Confinement

Who better than a parent of an autistic individual would have been prepared for what has befallen the world in 2020?

Trust me.

I know how you feel. I know the panic. I know the overwhelm. I know the need for over preparation.

I know that we need extra planning. We need to overthink. To foresee each step ahead. To structure the day. To expect that all will go according to plan, and to pivot in a split second because it does not. And in the face of the turmoil to keep a straight face, a loving demeanor, an understanding of the other’s fears and anxieties.

I know.

I have been there.

I trained in full confinement since the day my first-born was diagnosed with “moderate” autism, back in 1998. I had to adapt to a new “not-normal” and to live through social distancing not by choice to preserve our health or our loved ones’ health or the world’s health but because that is the nature of the beast when you are thrown into a world that places you in the “different” category.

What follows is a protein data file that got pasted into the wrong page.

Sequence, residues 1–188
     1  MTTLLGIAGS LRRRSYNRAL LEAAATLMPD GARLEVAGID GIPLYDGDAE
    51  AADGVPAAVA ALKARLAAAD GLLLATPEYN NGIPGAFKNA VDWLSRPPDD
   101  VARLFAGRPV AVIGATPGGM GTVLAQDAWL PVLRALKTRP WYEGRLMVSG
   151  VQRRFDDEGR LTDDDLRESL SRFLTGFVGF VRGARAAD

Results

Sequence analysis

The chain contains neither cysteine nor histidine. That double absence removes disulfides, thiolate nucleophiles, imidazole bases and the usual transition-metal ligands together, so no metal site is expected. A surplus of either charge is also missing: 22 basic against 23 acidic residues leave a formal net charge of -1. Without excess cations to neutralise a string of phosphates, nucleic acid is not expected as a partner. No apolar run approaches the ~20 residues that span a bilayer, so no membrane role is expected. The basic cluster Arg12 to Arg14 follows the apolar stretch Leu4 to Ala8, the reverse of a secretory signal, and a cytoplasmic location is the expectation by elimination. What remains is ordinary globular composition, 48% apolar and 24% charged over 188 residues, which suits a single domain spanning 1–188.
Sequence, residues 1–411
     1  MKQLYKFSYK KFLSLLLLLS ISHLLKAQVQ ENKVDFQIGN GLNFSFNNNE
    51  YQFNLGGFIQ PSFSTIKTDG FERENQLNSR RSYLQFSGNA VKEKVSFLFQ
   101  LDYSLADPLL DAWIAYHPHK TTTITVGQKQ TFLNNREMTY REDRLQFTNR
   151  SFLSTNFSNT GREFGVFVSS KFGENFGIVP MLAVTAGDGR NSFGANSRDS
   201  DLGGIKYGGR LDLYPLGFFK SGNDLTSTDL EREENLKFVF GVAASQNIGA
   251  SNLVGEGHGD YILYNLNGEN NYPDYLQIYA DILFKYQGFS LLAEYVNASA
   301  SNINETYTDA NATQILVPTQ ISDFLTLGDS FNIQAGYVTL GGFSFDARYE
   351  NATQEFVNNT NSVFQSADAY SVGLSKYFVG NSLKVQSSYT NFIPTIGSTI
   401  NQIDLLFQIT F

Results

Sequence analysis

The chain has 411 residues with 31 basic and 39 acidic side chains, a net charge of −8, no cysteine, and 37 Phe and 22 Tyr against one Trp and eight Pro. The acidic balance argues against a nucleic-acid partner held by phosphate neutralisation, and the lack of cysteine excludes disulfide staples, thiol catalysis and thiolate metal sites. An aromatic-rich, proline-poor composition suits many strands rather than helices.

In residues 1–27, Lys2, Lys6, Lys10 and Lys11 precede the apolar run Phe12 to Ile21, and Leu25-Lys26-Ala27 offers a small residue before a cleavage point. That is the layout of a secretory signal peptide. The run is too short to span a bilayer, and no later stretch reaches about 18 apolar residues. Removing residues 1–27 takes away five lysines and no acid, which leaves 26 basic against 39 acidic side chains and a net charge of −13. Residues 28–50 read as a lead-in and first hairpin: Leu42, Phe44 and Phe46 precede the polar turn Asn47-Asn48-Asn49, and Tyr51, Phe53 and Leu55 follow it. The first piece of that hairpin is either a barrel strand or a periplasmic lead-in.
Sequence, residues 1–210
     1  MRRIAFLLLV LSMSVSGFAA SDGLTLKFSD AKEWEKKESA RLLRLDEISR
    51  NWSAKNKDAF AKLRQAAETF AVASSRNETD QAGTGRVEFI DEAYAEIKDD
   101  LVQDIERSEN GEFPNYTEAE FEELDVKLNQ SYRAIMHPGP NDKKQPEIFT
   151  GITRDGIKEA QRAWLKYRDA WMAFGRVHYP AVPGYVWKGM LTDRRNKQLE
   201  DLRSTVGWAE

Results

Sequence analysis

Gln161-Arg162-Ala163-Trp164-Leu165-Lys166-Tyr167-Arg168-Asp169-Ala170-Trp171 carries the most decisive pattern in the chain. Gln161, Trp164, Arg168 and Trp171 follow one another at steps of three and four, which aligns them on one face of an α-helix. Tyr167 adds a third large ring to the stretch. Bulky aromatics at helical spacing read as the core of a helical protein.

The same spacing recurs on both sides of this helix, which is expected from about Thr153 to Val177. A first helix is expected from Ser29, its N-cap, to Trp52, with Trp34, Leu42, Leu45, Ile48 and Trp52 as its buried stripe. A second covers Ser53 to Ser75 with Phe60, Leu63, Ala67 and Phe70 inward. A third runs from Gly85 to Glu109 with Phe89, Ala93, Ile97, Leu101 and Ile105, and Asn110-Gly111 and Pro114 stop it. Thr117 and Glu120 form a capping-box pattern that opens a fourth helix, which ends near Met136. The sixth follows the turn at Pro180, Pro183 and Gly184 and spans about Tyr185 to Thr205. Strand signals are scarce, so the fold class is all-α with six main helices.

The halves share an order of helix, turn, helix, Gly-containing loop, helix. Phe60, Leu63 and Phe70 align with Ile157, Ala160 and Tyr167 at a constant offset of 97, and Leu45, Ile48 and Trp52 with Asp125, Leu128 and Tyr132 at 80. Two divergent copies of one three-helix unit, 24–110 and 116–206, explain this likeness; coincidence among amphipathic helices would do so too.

Today, everyone is in the pit.

It is amazing to see.

It feels so surreal to many of you, and to many others, it feels scary like hell with thoughts of doom racing through your head and probably paralyzing ideas that you can’t survive such drastic isolation from others while you are quarantined in your own home with your loved ones or maybe even with your mother-in-law, who knows.

It is not doom.
It is not doomsday. It is a pandemic. It is new to most of us because this might be the first time we have to shelter in place with the resources at hand.

These resources were already prepared before we even knew it.
If you are reading these words that I post online, it is because the internet connects all of us. Even when we are separated by oceans, mountains and by time differences.
Technology has brought us immediate access to those we trust for wisdom, knowledge, information, inspiration. Solidarity springs like the birds who are ready to welcome the new season. Everyone is ready to offer a virtual hand through their shares.